What can we do to avoid falling into these cognitive traps?
Find Clarity and Fight Off Opinion Fatigue
“Nothing is more conducive to peace of mind than not having any opinions at all.” — German satirist Georg Christoph Lichtenberg
It’s difficult to stand up to social trends, and remaining neutral doesn’t always reflect well on our reputation.
But let’s stop letting the crowd push us around. Anyone can try not to form opinions too quickly.
Sometimes, the wisest thing we can do is sit back, shrug, and decide that a particular topic is none of our business.
Other times, we’ll realize that the topic is something we care about. In that case, we need time to dig into it, examine it from all angles. When we do decide to talk about it, it won’t just be empty noise.
Let’s stop using social media to vent our feelings. That’s what journals are for (and also our loved ones, if they’re willing to listen). Feelings are ephemeral, and we don’t want to set them in stone. Let’s try to let them pass us by.
There’s no use pretending that we’re beings of rationality. We often make decisions based on gut feeling, and then we come up with post hoc rationalizations, meaning that we cherry-pick rational arguments that support our feelings. But if we let this natural process happen in private, it’s easier to walk it back.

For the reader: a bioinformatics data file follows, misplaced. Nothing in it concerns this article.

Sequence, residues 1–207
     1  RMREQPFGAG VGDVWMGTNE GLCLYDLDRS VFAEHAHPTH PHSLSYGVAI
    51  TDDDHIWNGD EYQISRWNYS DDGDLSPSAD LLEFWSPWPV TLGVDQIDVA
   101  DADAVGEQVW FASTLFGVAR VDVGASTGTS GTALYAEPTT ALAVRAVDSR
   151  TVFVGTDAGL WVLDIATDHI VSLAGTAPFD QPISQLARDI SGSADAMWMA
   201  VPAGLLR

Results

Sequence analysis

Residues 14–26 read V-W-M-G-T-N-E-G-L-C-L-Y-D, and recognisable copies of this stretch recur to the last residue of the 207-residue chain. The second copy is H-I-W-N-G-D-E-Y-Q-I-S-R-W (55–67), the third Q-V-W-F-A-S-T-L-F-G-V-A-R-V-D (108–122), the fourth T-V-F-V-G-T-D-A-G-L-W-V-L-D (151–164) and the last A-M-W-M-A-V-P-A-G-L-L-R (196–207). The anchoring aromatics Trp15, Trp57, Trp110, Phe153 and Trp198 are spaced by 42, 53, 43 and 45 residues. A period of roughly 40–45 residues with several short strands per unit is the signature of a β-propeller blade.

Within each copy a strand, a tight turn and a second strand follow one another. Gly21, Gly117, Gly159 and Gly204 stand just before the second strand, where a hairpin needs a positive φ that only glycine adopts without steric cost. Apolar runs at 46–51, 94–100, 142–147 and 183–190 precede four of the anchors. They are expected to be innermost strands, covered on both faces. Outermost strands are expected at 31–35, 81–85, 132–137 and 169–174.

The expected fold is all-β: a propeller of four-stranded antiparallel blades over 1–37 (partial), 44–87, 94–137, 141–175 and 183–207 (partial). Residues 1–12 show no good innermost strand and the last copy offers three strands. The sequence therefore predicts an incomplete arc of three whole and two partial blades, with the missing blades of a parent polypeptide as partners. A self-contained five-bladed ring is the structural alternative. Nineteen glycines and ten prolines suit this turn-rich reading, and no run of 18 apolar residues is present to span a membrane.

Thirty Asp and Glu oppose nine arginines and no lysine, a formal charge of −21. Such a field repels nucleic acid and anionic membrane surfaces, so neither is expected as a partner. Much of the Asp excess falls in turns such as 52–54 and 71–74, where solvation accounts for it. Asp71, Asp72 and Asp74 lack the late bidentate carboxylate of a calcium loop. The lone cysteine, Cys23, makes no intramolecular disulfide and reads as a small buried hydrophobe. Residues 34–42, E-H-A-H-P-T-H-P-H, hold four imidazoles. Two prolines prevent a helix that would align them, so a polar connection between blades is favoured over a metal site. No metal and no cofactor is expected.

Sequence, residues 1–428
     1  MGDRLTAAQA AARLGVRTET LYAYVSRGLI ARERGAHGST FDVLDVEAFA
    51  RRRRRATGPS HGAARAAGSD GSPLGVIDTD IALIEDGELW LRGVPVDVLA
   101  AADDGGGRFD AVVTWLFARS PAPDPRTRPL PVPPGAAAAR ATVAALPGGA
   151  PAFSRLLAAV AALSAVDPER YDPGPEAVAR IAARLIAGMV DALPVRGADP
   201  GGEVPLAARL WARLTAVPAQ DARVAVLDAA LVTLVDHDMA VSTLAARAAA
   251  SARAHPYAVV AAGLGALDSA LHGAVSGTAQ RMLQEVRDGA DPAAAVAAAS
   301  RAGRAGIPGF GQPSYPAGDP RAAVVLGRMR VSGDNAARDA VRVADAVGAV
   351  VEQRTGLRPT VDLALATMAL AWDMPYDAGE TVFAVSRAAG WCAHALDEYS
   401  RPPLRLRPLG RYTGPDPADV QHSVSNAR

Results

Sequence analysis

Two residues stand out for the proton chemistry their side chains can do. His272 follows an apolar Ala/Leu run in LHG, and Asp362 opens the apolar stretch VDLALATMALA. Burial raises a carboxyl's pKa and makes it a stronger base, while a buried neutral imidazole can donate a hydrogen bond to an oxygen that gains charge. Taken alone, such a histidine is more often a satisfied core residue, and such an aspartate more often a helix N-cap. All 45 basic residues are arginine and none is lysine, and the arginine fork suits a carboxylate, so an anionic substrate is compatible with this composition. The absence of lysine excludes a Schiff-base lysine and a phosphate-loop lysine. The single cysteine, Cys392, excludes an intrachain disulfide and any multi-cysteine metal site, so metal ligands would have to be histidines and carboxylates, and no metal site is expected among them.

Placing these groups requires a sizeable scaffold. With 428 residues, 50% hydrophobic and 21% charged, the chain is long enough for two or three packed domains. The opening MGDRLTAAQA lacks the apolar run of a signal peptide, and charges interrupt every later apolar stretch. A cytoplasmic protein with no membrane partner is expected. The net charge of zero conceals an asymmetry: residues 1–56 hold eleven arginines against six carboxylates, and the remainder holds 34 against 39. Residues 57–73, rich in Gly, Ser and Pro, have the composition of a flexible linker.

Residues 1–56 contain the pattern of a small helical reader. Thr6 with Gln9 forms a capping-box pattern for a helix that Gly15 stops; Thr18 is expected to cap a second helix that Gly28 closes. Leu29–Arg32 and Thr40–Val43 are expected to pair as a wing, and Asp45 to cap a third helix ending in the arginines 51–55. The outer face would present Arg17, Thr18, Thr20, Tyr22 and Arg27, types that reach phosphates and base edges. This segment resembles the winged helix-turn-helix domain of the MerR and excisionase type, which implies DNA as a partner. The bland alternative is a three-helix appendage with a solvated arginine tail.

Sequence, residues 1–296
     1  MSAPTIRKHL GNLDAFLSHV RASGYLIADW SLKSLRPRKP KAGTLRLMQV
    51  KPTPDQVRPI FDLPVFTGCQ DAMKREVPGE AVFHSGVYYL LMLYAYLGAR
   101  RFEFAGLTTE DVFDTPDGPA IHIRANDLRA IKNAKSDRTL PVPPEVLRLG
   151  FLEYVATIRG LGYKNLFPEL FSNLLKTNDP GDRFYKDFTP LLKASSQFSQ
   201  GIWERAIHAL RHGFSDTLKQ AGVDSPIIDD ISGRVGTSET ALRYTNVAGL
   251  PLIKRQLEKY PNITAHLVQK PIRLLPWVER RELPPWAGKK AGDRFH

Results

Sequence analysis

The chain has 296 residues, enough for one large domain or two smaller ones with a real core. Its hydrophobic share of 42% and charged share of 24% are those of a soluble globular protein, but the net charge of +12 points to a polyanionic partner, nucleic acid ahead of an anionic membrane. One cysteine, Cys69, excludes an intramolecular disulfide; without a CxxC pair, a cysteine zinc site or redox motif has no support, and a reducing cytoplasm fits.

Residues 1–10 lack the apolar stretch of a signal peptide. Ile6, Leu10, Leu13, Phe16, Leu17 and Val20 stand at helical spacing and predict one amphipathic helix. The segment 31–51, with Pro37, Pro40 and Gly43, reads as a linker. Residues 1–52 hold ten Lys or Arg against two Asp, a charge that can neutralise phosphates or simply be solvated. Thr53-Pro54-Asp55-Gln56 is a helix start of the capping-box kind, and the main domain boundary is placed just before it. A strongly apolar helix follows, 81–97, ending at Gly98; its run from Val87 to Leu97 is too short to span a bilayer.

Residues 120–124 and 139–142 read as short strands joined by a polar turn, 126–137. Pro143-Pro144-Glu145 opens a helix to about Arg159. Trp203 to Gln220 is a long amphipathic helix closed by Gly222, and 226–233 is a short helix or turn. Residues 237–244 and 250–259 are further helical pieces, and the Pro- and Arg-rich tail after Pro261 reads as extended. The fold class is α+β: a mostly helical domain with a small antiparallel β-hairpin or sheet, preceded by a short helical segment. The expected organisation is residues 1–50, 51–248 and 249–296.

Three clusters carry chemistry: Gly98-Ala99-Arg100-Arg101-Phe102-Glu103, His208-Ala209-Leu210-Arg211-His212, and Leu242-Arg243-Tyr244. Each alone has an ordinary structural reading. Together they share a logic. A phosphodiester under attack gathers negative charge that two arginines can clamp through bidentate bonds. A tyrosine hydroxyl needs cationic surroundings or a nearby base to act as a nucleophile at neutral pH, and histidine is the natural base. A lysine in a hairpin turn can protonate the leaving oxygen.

We all need to fight for the freedom to change our minds whenever we want.
If you get accused of apathy, incuriosity, or callousness for your neutrality – don’t take it too seriously. You can’t control what other people think about you, especially online. Just remember that your time and energy are finite, and you want to focus them on a few important things. Read books and talk to people. Try to find yourself again.
And if someone else changes their opinion in your vicinity? Be graceful about it. Don’t go digging for receipts, don’t mock people for asking questions.
The world is a mess, and we all keep talking past each other. But we can work on changing that. Let’s start with saying “I don’t know enough about this to form an opinion”. Hopefully, others will follow our example.